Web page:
tbt

Rik van Hemmen's picture
Thursday, September 18th, 2014

Dungeon Art (TBT)

Our office has a real dungeon where we keep our unused art, our extra gear, our historical records and our completed files.

 

Inevitably we need to clean out the dungeon when we no longer have space for the completed files and that means we literally get rid of dumpster loads of reports, depositions, shipping documents, drawings, manuals and photos.

 

We handle every file before it gets tossed because some of these files contain real treasures. Some files actually are moved completely to our historical section where they are kept forever and, undoubtedly, some of those files will show up in future TBTs.

 

At the last dungeon clean-out I came across this 1994 Henk van Hemmen sketch of an issue that was resolved long ago:

 

There are still many in the marine industry who remember Henk's technical sketching read more »

Hannah van Hemmen's picture
Wednesday, August 13th, 2014

SS Florida / SS Republic Collision (TBT)

A photo of the damaged SS Florida as a result of its collision with the SS Republic in 1909 hangs in our office.

 

 

On the back is an article from an unknown source (I'm betting that one of our consultants decided to look up the story one day).  The story reads as follows:

  read more »

Today's Throwback Thursday is one of the most famous shipboard fires, and is especially well-known in our area because the vessel was beached for several months in Asbury Park, New Jersey, not far from our current headquarters.  While the SS Morro Castle disaster of 1934 tragically killed 137 passengers, it directly resulted in numerous shipboard fire safety improvements (including fire alarms, improved fire drills, and the use of fire retardant materials), saving countless lives in the future.  Martin & Ottaway attended at the vessel on September 10, 1934 - almost 80 years ago - to determine the extent of damage.  Our field survey now hangs in the office:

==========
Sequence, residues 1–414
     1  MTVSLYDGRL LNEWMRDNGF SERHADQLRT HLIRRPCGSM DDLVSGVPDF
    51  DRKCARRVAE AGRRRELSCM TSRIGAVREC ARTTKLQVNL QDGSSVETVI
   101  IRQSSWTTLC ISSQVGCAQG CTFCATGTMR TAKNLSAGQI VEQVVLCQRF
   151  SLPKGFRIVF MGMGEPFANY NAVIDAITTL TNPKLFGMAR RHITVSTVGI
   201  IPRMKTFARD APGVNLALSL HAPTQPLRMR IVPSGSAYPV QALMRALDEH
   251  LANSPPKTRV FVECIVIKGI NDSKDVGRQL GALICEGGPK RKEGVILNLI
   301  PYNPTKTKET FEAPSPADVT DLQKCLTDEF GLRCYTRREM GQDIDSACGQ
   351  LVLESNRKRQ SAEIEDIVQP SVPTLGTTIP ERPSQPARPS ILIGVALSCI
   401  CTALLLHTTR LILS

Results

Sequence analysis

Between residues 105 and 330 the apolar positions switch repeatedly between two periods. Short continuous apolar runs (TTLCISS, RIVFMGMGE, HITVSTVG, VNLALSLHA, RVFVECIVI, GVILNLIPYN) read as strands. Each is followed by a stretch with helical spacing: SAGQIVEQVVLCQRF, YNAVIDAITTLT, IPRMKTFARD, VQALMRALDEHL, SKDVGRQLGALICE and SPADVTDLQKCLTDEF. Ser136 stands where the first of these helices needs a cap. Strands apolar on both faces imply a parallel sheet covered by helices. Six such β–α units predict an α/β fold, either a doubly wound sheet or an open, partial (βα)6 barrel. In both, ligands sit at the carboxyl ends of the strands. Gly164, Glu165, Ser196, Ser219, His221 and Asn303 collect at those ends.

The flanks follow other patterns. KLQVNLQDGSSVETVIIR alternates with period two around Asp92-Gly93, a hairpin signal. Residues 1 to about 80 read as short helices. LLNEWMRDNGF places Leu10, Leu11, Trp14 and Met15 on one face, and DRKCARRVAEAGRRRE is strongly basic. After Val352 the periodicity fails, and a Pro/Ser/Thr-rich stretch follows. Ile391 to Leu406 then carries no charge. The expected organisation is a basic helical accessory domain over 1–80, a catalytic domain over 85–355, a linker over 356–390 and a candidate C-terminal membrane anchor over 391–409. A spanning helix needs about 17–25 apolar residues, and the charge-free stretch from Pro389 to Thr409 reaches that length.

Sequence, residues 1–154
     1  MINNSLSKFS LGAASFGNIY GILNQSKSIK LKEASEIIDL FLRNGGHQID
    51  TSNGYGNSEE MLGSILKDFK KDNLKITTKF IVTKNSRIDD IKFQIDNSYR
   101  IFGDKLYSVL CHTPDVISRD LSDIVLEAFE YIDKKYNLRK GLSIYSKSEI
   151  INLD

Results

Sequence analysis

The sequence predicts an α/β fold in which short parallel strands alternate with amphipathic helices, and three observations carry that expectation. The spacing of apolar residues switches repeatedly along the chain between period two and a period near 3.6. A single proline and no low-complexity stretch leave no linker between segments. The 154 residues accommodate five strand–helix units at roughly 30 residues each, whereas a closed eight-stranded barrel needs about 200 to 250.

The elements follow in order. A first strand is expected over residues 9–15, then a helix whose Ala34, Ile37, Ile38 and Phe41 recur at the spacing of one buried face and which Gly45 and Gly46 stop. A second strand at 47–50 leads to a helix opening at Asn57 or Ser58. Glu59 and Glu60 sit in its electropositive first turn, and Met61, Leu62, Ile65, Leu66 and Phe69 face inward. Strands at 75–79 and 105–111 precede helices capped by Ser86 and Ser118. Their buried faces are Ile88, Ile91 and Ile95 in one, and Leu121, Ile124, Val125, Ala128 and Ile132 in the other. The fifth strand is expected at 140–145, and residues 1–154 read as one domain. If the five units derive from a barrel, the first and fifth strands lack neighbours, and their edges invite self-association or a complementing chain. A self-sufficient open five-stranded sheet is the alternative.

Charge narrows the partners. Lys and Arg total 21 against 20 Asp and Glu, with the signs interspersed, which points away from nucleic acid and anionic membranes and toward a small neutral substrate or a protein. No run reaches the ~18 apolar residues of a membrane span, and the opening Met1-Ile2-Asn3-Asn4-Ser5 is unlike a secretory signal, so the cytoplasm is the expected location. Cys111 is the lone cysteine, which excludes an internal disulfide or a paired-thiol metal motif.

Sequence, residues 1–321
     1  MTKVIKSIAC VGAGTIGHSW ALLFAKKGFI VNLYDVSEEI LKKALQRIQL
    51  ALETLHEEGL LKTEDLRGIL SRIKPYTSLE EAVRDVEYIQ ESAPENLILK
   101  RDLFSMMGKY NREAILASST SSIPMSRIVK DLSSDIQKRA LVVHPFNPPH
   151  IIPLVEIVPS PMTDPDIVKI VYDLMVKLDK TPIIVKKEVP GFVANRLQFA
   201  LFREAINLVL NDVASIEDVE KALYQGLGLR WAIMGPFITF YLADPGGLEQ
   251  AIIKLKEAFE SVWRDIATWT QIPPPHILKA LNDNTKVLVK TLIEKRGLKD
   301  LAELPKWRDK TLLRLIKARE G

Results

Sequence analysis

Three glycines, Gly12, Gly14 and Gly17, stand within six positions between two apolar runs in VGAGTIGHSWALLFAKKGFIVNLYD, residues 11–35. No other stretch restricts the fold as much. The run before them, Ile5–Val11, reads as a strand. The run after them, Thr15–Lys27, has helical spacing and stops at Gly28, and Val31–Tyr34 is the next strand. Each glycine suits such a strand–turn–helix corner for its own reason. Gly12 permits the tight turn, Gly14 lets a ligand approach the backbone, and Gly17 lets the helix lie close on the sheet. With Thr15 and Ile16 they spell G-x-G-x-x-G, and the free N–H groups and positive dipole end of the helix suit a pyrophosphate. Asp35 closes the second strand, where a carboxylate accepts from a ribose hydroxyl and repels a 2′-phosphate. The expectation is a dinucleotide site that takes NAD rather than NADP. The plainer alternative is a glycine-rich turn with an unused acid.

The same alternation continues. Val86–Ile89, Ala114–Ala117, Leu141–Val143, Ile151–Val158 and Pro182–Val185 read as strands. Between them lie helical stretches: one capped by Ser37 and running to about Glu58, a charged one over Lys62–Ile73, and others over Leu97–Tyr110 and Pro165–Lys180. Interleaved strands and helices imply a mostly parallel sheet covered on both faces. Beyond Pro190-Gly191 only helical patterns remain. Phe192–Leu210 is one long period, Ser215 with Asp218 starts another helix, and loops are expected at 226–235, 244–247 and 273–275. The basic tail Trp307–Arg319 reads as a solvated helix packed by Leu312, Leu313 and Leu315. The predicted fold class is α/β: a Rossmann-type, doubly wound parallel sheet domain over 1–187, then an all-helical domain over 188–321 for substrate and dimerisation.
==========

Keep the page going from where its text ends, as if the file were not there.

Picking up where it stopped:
Since 1764, Lloyd’s Register has published annually what is basically the definitive list of ocean-going vessels in the world.  Our office – and many other maritime offices worldwide – use these “registers” regularly, since they contain valuable, authoritative information on ship size, carrying capacity, age, builder, and equipment, to name a few.  We keep our old Lloyd’s Registers, since they can serve as a valuable reference for name changes, retrofits, prior owners, or scrapped vessels in our valuation and forensic investigations.  It’s interesting to see the change in style, and in size, of the Lloyd’s Registries over the years.

 

But my personal favorites are our 1940s Lloyd’s Registers:

 

  read more »

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Martin, Ottaway,
van Hemmen & Dolan, Inc.

172 Monmouth Street, Suite 201
Red Bank, NJ 07701
Office: (732) 224-1133
Office Fax: (732) 224-8631
info@martinottaway.com
Emergency No: +1 888 224-1133